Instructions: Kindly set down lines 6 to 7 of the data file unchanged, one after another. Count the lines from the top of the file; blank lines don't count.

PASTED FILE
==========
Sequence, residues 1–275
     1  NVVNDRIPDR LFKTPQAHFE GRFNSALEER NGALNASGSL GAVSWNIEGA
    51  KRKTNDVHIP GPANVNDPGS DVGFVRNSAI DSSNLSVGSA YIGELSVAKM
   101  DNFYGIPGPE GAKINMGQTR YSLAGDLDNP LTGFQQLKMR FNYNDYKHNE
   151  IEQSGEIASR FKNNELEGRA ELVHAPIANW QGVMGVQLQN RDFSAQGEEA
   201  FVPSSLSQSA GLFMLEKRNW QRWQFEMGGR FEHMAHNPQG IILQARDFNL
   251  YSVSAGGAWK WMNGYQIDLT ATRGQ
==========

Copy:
   201  FVPSSLSQSA GLFMLEKRNW QRWQFEMGGR FEHMAHNPQG IILQARDFNL
   251  YSVSAGGAWK WMNGYQIDLT ATRGQ